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, it is just as easy to dress up an in- " But having delivered these cautions,

not to the " laying aside every weight, , by this test. You are to ask yourselves and the sin which doth so easily beset whether you desire heaven because us?" Nevertheless, let us see to it that God is there, because Christ is there; we do not conclude ourselves on the whether, in short, God and Christ would high road to the celestial city, just be- be to you heaven, if there were none cause we have some tastes and feelings but these to be beheld, none but these to which we expect to find there the to be enjoyed. Unless you can answer counterpart objects. We must warni such questions in the affirmative, you you against mistaking an intellectual may be longing for heaven, because it for a spiritual longing, the wish to en- is a place of repose, because departed ter heaven because there "we shall kinsfolk are there, or because man shall know even as we are known,” for the there be loftily endowed; but


have wish to enter it because God himself none of that desire which proves a tiwill there be "all in all.” I am sure tle to possession. We do not say that that many a man, in whose heart is such reasons are to have no weight : no love of the Creator and Redeemer, our discourse has been mainly occumight pant for a state in which he shall pied on the setting them forth. But no longer see darkly throvgh a glass, they are to be only secondary and subbut have full sway over universal truth. ordinate: they are not to be upperThe mind may struggle for emancipa- most : our prime idea of heaven should tion, and crave a broader field, whilst be, that it is the place where God the soul is the bondslave of Satan, and dwells, and of its happiness, that God

to . is " tellectual paradise as a carnal, and to we may again exclaim, Glorious emdesire the one, as well as the other, pire, which is promised us by God! without acquiring any meetness " for We said, in the commencement of our the inheritance of the saints in light.” discourse, that we would utter no reThe heaven of the mohammedan is full proaches, no threatenings, but would of all that can gratify the senses, and dwell exclusively on the hopes and pamper the appetites. The heaven of privileges of christians. And we are the philosopher may be a scene in which not now about to break this resolution : mind is to reach all its vigor, and sci- unless indeed it be to break it, to exence all its majesty. But neither is the press great wonder, and bitter regret, heaven of the christian. The heaven that, when men might be heirs of a for which the christian longs, is the world in which there is no night, of place in which God himself shall be which the Lord God himself is the sun, his "strength, and his portion for ever." and where there are to be glorious The knowledge, whose increase he ar- thrones for those faithful unto death, dently wishes, is knowledge of him who they give their time and thought to the made him, and of him who redeemed acquiring some perishable good, and him: for already hath he felt that "this live, for the most part, as though they is life eternal, to know thee, the only had never heard of judgment and etertrue God, and Jesus Christ whom thou nity. On other occasions, we often hast sent.” He may indeed exult in strive to move the careless amongst the thought that hard things are to be you by " the terrors of the Lord;" we explained, and dark illuminated; but warn them, by falling stars, and a moon only that he may find fresh cause for "turned into blood,” and a sun" black praising, admiring, and adoring God. as sackcloth of hair,” that they persist He may rejoice in the assurance that a not in unrighteousness. And even now flood of splendid light will be poured we gather our incentives from a stripalike over creation and redemption : ped firmament and extinguished lumibut his great motive to exultation is, naries. We still preach to the worldlythat he can say with David to his God, minded through planets which have "in thy light shall we see light,” so started from their courses, and a sun that the irradiation will be from Deity, which has ceased to give light. And, and that which makes visible be that nevertheless, it is not by a darkened, upon which all his affections are fast. it is by a brilliantly irradiated sky, that ened. And you are to try yourselves we summon them to repentance. The bright world of which we have spoken, , what account will have to be given at it may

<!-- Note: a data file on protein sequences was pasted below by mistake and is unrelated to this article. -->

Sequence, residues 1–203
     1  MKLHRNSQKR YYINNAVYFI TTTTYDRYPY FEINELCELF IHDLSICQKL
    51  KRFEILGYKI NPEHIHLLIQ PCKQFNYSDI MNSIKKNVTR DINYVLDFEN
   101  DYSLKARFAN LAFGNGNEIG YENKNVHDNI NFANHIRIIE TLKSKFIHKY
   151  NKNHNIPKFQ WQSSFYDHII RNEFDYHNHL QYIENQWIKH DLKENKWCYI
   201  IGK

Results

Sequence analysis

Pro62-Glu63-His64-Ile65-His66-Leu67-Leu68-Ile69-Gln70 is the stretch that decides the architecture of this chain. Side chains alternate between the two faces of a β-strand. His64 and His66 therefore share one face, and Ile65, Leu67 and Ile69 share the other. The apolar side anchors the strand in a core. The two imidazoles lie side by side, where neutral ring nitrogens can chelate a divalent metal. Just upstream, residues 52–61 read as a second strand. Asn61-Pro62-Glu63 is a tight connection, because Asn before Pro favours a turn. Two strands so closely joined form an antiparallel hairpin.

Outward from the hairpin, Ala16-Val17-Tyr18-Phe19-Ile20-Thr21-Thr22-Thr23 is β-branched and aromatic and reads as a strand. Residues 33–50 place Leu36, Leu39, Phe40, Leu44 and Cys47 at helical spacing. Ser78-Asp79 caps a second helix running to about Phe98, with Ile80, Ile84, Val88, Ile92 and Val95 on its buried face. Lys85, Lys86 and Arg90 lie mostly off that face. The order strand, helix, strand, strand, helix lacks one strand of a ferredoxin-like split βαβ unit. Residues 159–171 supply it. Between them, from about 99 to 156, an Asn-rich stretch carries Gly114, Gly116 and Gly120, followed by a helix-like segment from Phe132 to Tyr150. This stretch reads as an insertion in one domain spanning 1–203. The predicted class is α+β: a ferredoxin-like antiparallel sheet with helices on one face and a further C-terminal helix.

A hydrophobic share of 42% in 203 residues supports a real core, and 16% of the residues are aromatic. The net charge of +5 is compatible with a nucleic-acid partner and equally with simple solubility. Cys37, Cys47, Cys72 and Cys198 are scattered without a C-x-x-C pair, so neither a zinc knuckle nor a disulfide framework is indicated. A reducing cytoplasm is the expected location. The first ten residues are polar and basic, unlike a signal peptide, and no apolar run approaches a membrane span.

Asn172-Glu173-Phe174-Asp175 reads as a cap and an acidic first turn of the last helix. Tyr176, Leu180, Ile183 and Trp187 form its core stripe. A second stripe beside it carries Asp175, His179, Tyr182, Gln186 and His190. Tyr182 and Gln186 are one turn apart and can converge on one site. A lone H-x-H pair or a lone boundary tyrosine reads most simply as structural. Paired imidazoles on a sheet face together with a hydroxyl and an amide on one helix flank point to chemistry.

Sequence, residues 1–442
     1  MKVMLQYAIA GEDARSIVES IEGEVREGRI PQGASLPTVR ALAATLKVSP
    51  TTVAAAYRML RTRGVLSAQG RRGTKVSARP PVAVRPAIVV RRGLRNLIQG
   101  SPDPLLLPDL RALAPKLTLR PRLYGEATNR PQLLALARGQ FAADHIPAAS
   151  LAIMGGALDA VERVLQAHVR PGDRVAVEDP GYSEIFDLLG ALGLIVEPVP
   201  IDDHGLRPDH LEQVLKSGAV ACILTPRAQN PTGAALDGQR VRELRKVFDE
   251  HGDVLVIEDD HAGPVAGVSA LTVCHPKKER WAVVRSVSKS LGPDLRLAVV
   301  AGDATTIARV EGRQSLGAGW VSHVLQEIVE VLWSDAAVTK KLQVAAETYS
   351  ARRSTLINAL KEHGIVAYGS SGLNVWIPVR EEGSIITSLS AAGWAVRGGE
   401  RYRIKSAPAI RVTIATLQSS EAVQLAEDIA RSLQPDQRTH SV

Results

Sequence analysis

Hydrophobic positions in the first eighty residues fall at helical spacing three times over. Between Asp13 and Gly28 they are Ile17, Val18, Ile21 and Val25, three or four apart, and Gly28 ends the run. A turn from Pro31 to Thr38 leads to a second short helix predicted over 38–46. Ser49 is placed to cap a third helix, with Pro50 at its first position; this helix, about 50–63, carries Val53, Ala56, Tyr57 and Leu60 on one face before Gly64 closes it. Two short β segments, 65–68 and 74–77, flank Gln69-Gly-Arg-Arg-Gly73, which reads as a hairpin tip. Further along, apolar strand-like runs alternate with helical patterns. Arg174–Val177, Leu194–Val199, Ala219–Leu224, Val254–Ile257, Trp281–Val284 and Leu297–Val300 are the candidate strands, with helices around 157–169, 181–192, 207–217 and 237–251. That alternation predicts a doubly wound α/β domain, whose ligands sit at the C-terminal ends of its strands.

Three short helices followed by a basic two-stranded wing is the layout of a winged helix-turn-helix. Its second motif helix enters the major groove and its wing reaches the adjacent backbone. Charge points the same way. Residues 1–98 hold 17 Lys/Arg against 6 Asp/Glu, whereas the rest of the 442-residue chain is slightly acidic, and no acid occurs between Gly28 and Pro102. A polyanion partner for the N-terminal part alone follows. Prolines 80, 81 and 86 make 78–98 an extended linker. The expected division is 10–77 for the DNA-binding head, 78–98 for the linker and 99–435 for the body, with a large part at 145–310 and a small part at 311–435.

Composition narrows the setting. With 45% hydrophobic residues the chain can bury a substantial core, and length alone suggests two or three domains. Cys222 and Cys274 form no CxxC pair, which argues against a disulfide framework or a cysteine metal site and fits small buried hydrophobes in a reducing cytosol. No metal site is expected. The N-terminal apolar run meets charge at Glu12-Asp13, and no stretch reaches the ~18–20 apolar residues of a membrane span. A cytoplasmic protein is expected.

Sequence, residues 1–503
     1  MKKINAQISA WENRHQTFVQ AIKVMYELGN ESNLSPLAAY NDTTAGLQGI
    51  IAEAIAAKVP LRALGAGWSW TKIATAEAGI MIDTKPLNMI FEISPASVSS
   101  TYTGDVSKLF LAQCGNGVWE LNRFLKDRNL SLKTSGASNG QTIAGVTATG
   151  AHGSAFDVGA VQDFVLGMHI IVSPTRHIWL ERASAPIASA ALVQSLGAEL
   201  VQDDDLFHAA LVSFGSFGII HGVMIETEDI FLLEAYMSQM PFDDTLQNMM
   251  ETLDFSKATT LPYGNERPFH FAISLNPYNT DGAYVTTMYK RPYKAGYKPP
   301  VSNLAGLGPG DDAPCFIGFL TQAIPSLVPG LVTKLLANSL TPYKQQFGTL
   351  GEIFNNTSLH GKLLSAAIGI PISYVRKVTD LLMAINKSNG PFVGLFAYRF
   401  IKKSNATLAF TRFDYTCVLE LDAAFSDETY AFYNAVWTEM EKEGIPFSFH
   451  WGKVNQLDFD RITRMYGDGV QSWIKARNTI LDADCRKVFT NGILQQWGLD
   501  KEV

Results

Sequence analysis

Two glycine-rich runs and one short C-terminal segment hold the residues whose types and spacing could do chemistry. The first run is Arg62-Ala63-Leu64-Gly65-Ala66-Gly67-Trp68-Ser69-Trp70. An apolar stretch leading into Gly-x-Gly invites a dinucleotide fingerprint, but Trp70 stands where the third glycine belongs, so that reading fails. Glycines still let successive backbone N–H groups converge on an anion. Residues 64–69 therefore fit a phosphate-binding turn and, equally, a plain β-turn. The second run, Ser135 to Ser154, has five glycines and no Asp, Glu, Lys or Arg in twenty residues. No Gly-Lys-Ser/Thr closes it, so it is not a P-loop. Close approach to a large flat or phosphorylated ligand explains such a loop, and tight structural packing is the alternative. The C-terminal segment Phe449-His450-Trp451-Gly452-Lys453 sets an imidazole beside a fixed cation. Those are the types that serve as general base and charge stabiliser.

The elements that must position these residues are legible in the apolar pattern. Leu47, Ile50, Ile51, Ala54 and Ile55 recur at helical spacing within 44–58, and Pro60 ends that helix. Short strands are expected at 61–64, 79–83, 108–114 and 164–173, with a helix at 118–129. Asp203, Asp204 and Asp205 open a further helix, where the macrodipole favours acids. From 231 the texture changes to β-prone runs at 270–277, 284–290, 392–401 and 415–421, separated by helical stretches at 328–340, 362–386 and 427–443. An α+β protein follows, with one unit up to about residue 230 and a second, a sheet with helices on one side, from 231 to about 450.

be yours. It hath been thrown the judgment, if any of us be doomed open to you by that " High Priest of to outer darkness, in place of passing our profession,” who entered "by his into a world where there shall be no own blood," and took possession for night? What but that we wilfully closed himself and his followers. There is not our eyes against "the light of the gloone of us who may not, if he will, secure rious Gospel," not wishing to be made himself a throne in this everlasting aware of our danger and corruption ? kingdom. "Yet there is room.” Myri- what but that " men loved darkness ads have pressed in, myriads are press- rather than light, because their deeds ing in, but " yet there is room.” Alas, were evil ?”